Home NAS Box Roundup: 7 boxes tested
We put seven NAS drives from the likes of Maxtor, Netgear, Synology, Thecus, Western Digital and Iomega to the test to find out which is best for storing your files
With the price of hard drives plummeting, it doesn’t really cost a great deal to fill your home PCs with vast amounts of storage. But, with more homes served by their own wired and wireless networks, there’s a better way to store all your music, movies and documents.
What if you want to work on your laptop in the garden? Or sit in the lounge to watch a movie that’s stored on your PC in your study? You could avoid having to constantly copy files to and fro by investing in a NAS device and centralising it all.
NAS drives aren’t just about file storage, though. If you need reliable backup, you can set your PCs and laptops to make a daily backup over your home network and keep your most precious data safe and secure.
And, with modern NAS devices boasting iTunes and media servers with increasing regularity, it’s also possible to store all your music and movies in a central location, allowing everyone to access files when they want to.
Another benefit is remote access. Several drives here allow you to access them from any internet-connected computer: an ability that opens a whole world of possibilities. Forgotten to copy that document onto your thumb drive? Just log onto your NAS at home and you can get right back on track.
You can even download files using features such as integrated BitTorrent servers, ready for when you get home. And, best of all, you can afford to leave a NAS device on all the time without fearing the arrival of your energy bill. Even the most power-hungry of drives here barely topped a usage of 30W – far less than your average PC.
We’ve put seven NAS drives to the test, and with prices from $200 to $1328, there’s something for every budget.How we testPlus, the ratings explained
Choosing the right NAS drive for your needs depends on a range of factors. If you just want a centralised point on your network where you can store important files and perhaps your music collection too, you don’t need a drive swelling with extensive features. Even the two cheapest models here manage to squeeze UPnP media and iTunes servers into their modest prices, allowing you to copy an MP3 or iTunes library onto the drive and access it from any computer or media-streaming device in your network.
Other factors that come into play depend on whether you need user accounts to help protect sensitive data. If you want to make sure that other members of your household or office can’t spy on your documents, it’s essential to check that the drive you’re buying allows user accounts to be set up. And, if you want to make sure none of those users fill up your hard drive before you’ve had a chance to use it, look for a model with user quota control – this way, you can limit the storage space each user is allowed to consume.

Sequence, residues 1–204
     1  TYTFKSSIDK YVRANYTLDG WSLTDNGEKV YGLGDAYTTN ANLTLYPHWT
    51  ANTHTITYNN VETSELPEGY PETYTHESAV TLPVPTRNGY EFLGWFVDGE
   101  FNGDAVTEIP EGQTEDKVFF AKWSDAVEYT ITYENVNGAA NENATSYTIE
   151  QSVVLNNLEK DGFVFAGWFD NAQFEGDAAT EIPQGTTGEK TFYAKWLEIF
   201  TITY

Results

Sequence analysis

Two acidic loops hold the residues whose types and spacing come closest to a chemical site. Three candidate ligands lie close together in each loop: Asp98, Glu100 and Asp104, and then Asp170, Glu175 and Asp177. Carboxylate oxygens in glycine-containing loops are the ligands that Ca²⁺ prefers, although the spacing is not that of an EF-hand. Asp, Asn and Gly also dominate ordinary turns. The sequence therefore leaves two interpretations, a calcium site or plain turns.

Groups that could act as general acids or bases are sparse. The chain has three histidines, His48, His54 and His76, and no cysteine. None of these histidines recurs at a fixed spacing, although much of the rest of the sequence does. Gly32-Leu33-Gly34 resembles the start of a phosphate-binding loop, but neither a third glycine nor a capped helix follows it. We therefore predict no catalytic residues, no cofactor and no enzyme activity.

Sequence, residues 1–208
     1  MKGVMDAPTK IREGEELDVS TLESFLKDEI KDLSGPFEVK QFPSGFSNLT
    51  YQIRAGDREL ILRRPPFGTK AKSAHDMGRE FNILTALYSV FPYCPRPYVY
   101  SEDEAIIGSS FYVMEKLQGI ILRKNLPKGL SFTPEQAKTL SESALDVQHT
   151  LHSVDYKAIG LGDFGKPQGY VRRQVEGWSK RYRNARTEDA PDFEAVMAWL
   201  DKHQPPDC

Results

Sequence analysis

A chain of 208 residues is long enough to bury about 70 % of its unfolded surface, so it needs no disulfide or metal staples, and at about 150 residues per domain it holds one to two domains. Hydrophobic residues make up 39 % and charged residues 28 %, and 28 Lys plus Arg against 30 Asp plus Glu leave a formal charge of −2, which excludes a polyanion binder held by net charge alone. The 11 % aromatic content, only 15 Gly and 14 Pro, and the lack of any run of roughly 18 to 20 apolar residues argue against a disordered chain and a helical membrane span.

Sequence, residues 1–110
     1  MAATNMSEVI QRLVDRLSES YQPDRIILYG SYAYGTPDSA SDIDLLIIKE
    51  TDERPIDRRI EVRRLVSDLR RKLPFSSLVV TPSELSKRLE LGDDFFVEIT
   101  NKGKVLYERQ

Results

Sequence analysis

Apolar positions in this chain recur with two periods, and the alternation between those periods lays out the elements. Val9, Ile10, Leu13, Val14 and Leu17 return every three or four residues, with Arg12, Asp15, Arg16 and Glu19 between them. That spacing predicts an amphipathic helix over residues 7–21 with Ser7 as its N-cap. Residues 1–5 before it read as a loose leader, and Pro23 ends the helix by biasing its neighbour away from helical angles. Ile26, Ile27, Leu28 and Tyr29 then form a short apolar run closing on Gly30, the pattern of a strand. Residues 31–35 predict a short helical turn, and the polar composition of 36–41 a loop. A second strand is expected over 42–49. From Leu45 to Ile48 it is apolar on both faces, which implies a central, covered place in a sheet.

Once you move up to the pricier models, the list of features becomes more comprehensive. Performance tends to take a turn for the better too, and once you reach the heights of Synology’s ds209+ (see page 79) you’re looking at a device that will serve up huge files across a network faster than even USB hard disks could muster. That extra speed can be put to good use, delivering demanding high-definition video across a network or, if a drive has built-in web-hosting capabilities such as the Netgear and Synology drives, serving up an entire website.
Another feature of the pricier drives is multiple drive arrays. This allows the use of RAID to provide fault-tolerant operation, meaning that if one hard disk fails you can just pull it out and replace it without losing any of your precious data. Bear in mind, though, while some drives are designed to allow for drives to be swapped by the user, others require the unit to be returned to the manufacturer. Some NAS drives, such as the Netgear and Thecus models, even allow for drives to be hot-swapped: replaced without first turning off the device. Performance
We tested the performance of each drive by timing how long it took to write 3GB of both large and small files to a share and then copy them back again. We carried this out three times for each test and averaged the scores for a final result.
Our test PC featured a 3.16GHz Intel Core 2 Duo E8500 processor, 2GB DDR3 RAM and an 80GB Intel X-25M SSD drive. We connected each drive one at a time to the test PC via a Billion Gigabit switch to ensure no performance bottlenecks.Quietness
Unlike any other Australian magazine, we send every NAS drive to Intertek Research & Testing Centre to find out how noisy they are. Testing is carried out in an acoustically treated listening room using a precision sound-level meter with an “A-weighted” audio filter.
The results are in dBA, but bear in mind they aren’t comparable with our usual PC measurements, since recordings are taken at 10cm instead of 50cm in order to obtain a meaningful spread of levels. Features & Design
Drives are also rewarded for their range of functions. Core capabilities such as media, iTunes, print and FTP servers and backup are the most important in the points scheme, but we also take into account extra features, such as user accounts, BitTorrent clients and surveillance camera support.
Drives are also given extra marks for other key features, such as eSata, Wi-Fi, security measures, removable trays and hot-swappable disks.Value for Money
The Value for Money rating is calculated using a weighted average of the Performance, Quietness and Features & Design scores; we then factor in the price, including any delivery charges, to give an overall Value for Money score. Overall
The Overall rating is a straight average of the Performance, Quietness, Features & Design and Value for Money scores.Next Page: the results...
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This Group Test appeared in the May, 2009 issue of PC & Tech Authority Magazine